How I Became a Techie: Michael Sapos

How I Became a Techie: Michael Sapos

Friday, May 5, 2017 - 12:10pm


“The thing I’m most proud of is how we’ve helped veterans through hiring and training. I think it’s one of Qualcomm’s best achievements.” — Michael Sapos

When I was a young boy, I spent hours, even days, playing with erector sets, which consisted of little metal beams, nuts, and bolts (and later, pulleys, gears, and small electric motors). Basically, you could construct anything your mind came up with, tear it apart, and create something new and completely different. And you didn’t have to make something stationery — with the little motors, you could create things like windmills or planes. I’ve built automobiles, towers, homes, and more.

That love for building stayed with me as I went through middle school and high school. I became interested in the science of things and architecture, and I really wanted to be an architect.

There was a Marine Corps training and recruiting depot near my house. One day, I saw some of the Marines training together and was intrigued. At 17 years old, I talked to a Marine Corps recruiter near my house. Early in my senior year, I took the Armed Services Vocational Aptitude Battery (ASVAB) test. I did really well in communications and technology, which changed my mind about architecture and evolved my interests.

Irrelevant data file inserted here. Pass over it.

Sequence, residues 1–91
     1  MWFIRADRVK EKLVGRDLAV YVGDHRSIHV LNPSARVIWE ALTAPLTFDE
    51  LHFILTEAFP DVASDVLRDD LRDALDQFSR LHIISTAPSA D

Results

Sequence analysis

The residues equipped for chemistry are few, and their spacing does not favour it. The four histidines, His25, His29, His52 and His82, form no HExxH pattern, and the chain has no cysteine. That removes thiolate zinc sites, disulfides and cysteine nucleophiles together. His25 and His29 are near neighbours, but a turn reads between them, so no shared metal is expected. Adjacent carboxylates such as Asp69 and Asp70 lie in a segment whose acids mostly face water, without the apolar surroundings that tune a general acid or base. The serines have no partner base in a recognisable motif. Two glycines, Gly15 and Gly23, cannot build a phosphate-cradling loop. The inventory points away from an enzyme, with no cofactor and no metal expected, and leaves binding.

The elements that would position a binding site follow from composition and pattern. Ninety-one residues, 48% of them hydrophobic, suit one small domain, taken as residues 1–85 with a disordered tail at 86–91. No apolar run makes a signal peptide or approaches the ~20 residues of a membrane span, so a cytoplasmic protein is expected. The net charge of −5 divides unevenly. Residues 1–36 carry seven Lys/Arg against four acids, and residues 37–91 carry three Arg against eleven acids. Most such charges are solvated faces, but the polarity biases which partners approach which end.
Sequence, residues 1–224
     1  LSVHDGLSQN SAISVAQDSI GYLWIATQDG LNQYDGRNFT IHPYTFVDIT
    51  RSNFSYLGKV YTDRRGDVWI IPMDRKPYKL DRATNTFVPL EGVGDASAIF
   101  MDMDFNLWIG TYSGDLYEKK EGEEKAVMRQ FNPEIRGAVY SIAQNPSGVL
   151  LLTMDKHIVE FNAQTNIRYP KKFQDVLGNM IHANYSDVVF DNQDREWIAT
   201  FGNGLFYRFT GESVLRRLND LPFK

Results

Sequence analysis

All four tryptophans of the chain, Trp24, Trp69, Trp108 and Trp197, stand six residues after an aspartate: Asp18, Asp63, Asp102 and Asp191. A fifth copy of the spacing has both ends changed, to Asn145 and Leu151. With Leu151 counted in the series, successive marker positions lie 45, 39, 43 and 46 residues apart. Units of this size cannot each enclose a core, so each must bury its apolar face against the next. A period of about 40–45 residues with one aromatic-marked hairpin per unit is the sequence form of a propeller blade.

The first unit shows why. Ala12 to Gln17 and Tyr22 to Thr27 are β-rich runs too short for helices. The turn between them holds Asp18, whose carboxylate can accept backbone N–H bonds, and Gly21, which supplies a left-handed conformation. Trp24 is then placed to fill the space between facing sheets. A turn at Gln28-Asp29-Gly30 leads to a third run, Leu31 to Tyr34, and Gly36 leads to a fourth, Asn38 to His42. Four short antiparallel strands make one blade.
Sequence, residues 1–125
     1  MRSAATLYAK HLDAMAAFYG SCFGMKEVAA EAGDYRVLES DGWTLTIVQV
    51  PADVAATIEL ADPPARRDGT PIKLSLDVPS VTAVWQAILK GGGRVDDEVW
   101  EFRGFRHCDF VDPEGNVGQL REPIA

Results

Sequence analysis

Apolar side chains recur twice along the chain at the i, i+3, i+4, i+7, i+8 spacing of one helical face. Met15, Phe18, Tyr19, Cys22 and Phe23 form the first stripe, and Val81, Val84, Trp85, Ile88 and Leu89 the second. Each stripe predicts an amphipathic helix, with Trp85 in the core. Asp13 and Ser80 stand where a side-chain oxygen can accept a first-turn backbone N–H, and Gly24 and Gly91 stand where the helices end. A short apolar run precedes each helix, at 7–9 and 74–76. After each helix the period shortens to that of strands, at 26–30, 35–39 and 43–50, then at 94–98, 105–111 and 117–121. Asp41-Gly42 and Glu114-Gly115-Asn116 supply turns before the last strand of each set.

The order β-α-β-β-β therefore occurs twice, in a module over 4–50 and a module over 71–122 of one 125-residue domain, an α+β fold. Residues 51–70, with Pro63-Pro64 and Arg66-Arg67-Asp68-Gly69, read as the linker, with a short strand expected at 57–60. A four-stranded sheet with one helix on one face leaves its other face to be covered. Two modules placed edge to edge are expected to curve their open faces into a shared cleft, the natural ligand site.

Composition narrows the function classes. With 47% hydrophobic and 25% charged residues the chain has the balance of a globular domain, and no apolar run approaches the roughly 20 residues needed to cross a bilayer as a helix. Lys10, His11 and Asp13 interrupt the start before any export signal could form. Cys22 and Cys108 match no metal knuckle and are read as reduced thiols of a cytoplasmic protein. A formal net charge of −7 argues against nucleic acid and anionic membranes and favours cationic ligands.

I joined the Marine Corps as a telecommunications wiring engineer. I served four years Active and four years in Reserve. As a field wireman, I offered communication support for my platoon. I was responsible for laying over 12 miles of structured cabling, and providing communication between 35 devices and the command radio ops center in and around two amphibious assault fuel systems. I also monitored the communications control point around the clock.

I left the military in 1992, but it was a struggle to transition back into a civilian career. I didn’t want the same role in a civilian job as what I had in the military. And I never thought I’d replicate the camaraderie, deployments, and action in a civilian career.

Continue reading at OnQ